1st Edition

Explaining Variation in Juvenile Punishment The Role of Communities and Systems

By Steven N. Zane Copyright 2022
    214 Pages
    by Routledge

    214 Pages
    by Routledge

    This research monograph provides a comparative analysis of juvenile court outcomes, exploring the influence of contextual factors on juvenile punishment across systems and communities. In doing so, it investigates whether, how, and to what extent macro-social context influences variation in juvenile punishment. The contextual hypotheses under investigation evaluate three prominent macro-sociall theoretical approaches: the conflict-oriented perspective of community threat, the consensus-oriented perspective of social disorganization, and the organizational perspective of the political economy of the juvenile court.

    Using multilevel modeling techniques, the study investigates these macro-social influences on juvenile justice outcomes across nearly 500 counties in seven states—Alabama, Connecticut, Missouri, Oregon, South Carolina, Texas, and Utah. Findings suggest that the contextual indicators under investigation did not explain variation in juvenile court punishment across communities and systems, and the study proposes several implications for future research and policy.

    This monograph is essential reading for scholars of juvenile justice system impact and reform as well as practitioners engaged in youth policy and juvenile justice work. It is unique in taking a comparative perspective that acknowledges that there is no one juvenile justice system in the United States, but many such systems.

    Introduction: The Context of Juvenile Punishment

    The Present Study
    Book Overview

    Chapter 1: The Mission and History of Juvenile Justice

    Origins of Juvenile Justice
    The First Juvenile Court
    Child Saving: The Interventionist Vision of Juvenile Justice
    The Failure of the Interventionist Vision
    The Due Process Revolution
    The Criminalization of Juvenile Justice
    A More Punitive Juvenile Court
    The Developmental Turn: Juvenile Justice in the Twenty-First Century

    Chapter 2: The Contemporary Structure of Juvenile Justice

    Juvenile Referrals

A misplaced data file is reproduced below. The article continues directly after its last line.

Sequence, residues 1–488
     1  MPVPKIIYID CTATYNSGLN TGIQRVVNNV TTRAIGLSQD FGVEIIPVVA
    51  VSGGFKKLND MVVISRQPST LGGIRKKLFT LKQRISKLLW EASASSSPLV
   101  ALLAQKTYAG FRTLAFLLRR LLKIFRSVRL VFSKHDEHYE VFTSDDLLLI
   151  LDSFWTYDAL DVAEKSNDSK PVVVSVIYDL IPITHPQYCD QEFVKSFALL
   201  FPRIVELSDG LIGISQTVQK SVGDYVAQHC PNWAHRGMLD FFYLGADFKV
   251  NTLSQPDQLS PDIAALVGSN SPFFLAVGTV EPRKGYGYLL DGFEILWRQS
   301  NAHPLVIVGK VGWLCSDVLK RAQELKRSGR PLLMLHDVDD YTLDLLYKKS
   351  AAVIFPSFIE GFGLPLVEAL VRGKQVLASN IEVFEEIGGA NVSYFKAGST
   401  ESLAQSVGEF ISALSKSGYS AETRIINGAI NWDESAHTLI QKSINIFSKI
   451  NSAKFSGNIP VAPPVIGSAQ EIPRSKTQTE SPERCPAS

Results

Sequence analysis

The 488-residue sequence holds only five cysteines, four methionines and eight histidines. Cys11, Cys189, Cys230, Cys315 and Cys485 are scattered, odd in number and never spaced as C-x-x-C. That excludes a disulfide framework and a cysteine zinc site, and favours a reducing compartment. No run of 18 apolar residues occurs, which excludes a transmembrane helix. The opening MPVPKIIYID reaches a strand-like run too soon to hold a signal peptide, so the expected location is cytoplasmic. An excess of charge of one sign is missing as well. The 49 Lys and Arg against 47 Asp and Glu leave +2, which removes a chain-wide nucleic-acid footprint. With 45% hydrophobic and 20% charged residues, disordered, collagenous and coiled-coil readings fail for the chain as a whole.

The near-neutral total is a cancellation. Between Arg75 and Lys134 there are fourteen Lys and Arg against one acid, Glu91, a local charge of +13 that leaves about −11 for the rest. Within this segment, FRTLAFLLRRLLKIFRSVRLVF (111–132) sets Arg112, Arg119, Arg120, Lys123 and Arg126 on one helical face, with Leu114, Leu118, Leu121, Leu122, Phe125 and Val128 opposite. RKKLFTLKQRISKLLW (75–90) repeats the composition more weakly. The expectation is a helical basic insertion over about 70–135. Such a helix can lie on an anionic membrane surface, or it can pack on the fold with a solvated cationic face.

Preadjudication Detention
    Intake and Petition of Delinquency
    Waiver to Criminal Court
    Adjudication of Delinquency
    Judicial Disposition
    State Variation in Juvenile Justice Processing

    Chapter 3: Why Might Context Matter? Theoretical Perspectives on Juvenile Justice

    Theoretical Frameworks for Juvenile Justice
    Contextual Theories of Juvenile Justice

    Chapter 4: Exploring the Influence of Community Characteristics: A Review of the Literature

    Minority Threat
    Economic Threat
    Other Contextual Characteristics

    Chapter 5: Data, Methods, and Analytical Approach

    Research Hypotheses
    Data and Sample
    Analytical Strategy

    Chapter 6: Multistate Findings, 2010

    Variation in Juvenile Justice Outcomes
    Contextual Effects
    Summary of Findings

    Chapter 7: Multistate Results, 2000

    Variation in Juvenile Justice Outcomes
    Contextual Effects
    Summary of Findings

    Chapter 8: State-Specific Results

    County-Level Variation in Juvenile Justice Outcomes
    Contextual Effects
    Summary of Findings

    Chapter 9: Does Context Matter? Discussing the Findings

    Summary of Findings
    State Variation in Juvenile Justice Outcomes
    Study Limitations
    Interpretation of Findings

    Chapter 10: Implications for Research and Policy

    Implications for Research
    Implications for Policy
    Concluding Thoughts



    Steven N. Zane, Ph.D., J.D., is an assistant professor in the College of Criminology and Criminal Justice at Florida State University. He received his Ph.D. from Northeastern University and his J.D. from Boston College Law School. His research focuses on juvenile justice, racial disparities, and evidence-based social policy, and has appeared in Criminology & Public Policy, JAMA Network Open, Journal of Criminal Justice, Journal of Quantitative Criminology, Justice Quarterly, and Youth Violence and Juvenile Justice.